Amy B. Cohen will lead the university’s new Center for Civic Engagement and Public Service.
On April 26, Amy B. Cohen will join George Washington as executive director of the Center for Civic Engagement and Public Service. The center, announced last October by President Steven Knapp, will build on GW’s legacy of public service to spearhead and support initiatives across the university.
“I have long been a supporter of GW’s work in the community,” says Ms. Cohen, who most recently served as associate vice president for child development programs at Save the Children. “The opportunity to strengthen and deepen GW’s partnerships and to focus on integrating service and civic engagement into the university’s outstanding research and teaching is fantastic.”
Ms. Cohen, who was selected as the result of a nationwide search, has a wealth of service-learning experience to draw on in her new role at GW. Prior to joining Save the Children, she served for nearly a decade as the director of Learn and Serve America at the Corporation for National and Community Service, which is also the parent agency for AmeriCorps and Senior Corps. Her career in academic service and civic engagement began at the University of Pennsylvania, where she helped direct the Penn Program for Public Service (Netter Center for Community Partnerships), an international leader in university-community partnership.
“At Learn and Serve America and at the University of Pennsylvania, I was able to learn about civic engagement from some of the best and most innovative programs in the country,” she says.
GW’s Center for Civic Engagement and Public Service is tasked with developing, extending and coordinating the university’s efforts nationally and globally. Its recent initiatives include providing seed money through a new Public Service Grant Commission designed to bolster student organization events, which support GW’s 100,000 service hour challenge currently underway.
The center also is conducting a campus-wide assessment of all the university’s service contributions to the Washington region and beyond and is increasing opportunities for students to serve in the government and nonprofit sectors through an effort to redirect up to $1 million in federal work study funds to increase public service positions.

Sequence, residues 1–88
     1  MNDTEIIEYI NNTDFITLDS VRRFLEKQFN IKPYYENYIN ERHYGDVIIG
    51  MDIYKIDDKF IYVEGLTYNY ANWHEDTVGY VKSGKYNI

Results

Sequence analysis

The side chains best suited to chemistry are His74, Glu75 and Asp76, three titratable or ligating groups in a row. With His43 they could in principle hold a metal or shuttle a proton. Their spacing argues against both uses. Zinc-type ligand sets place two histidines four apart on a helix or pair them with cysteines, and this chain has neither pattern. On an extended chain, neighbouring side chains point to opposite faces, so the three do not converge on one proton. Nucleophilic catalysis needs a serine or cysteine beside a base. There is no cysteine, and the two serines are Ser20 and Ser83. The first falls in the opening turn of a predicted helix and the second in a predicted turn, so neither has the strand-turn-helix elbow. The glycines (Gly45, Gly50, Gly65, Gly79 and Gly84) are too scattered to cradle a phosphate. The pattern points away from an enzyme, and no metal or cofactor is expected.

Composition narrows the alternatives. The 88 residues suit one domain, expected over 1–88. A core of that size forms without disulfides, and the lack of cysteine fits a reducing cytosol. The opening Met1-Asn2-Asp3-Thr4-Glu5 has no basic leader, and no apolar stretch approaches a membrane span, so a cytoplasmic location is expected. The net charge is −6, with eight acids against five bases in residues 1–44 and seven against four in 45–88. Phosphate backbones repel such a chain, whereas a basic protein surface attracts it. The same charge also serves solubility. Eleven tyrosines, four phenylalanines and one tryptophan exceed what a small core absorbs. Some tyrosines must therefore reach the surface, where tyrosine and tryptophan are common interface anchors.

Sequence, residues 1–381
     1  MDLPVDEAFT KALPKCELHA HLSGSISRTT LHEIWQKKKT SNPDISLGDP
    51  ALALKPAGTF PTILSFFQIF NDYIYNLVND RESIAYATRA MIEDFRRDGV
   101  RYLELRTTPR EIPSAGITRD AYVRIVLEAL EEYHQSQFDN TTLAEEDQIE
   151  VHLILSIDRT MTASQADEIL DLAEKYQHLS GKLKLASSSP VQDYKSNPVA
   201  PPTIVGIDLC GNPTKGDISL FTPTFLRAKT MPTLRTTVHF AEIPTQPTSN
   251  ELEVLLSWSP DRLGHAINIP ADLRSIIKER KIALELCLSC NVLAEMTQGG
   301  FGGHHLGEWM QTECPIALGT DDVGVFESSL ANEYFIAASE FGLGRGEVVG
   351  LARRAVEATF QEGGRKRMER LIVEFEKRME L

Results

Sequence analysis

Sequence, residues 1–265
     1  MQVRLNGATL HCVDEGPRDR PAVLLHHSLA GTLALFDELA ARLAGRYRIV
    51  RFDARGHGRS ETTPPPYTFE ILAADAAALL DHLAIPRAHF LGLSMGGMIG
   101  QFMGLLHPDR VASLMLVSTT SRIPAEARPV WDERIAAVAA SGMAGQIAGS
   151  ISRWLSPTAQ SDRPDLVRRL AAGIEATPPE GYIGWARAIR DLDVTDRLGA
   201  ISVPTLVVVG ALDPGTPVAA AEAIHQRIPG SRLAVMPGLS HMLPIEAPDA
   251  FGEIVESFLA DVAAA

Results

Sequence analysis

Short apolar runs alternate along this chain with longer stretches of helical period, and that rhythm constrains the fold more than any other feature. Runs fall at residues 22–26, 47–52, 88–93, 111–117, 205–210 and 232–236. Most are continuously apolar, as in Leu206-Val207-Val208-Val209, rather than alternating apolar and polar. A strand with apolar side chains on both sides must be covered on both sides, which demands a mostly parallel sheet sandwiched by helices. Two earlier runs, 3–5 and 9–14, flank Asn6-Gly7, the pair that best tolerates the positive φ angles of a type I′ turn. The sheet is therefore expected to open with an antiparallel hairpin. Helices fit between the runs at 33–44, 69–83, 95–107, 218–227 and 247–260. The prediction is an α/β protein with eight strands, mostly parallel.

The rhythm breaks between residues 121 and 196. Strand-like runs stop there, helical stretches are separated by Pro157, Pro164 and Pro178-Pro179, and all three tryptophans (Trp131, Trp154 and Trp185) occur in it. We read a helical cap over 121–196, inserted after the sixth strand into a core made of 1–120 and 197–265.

Expanding support for service-learning courses across campus, creating a new public service scholars corps and an initiative aimed at promoting employee engagement in the community are also under discussion.
In addition, the center assists in the selection of The George Washington University’s Colin Powell Public Service Award, which annually honors a GW community member who has made an outstanding contribution to public service in the spirit of the award’s namesake, General Colin Powell. Veterans Affairs Assistant Secretary Tammy Duckworth, M.A. ’92, received the university’s inaugural award in 2009.
Ms. Cohen will join Jacqueline Hackett, B.A. ’08, and Collin Stephenson, B.A. ’09, GW graduate students and Presidential Administrative Fellows, who serve as the center staff and have managed initiatives related to academic engagement and service-learning and a subcommittee for careers in public service.
The center has been supported by a campus-wide advisory committee co-chaired by Alan Morrison, Lerner Family Associate Dean for Public Interest and Public Service at the GW Law Center; Michael Akin, assistant vice president of government, international and community relations; and Peter Konwerski, associate vice president for student and academic support services.
The committee, which was responsible for Ms. Cohen’s selection, consists of associate deans and school faculty representatives drawn from university’s nine schools, the president of the Student Association, representatives from administrative areas integral to supporting the public service mission of the university, and a community partner. It will continue to serve as a source of ideas for Ms. Cohen, as well as a sounding board for potential projects.
A native of Montclair, N.J., Ms. Cohen attended the New School for Social Research and received her degree from Brandeis University. She has completed all of the coursework for a doctorate in U.S. history at the University of Pennsylvania. Ms. Cohen says she spends a lot of her free time supporting her teenage daughter’s ice skating and also enjoys working in the garden and walking her dog. She has a family connection to GW: Her sister, Hilary, graduated from the university in the early 1990s.
“If we focus our attention here at GW on actively working together to address the most critical needs of our community and the nation, we will strengthen scholarship, learning and The George Washington University,” says Ms. Cohen.
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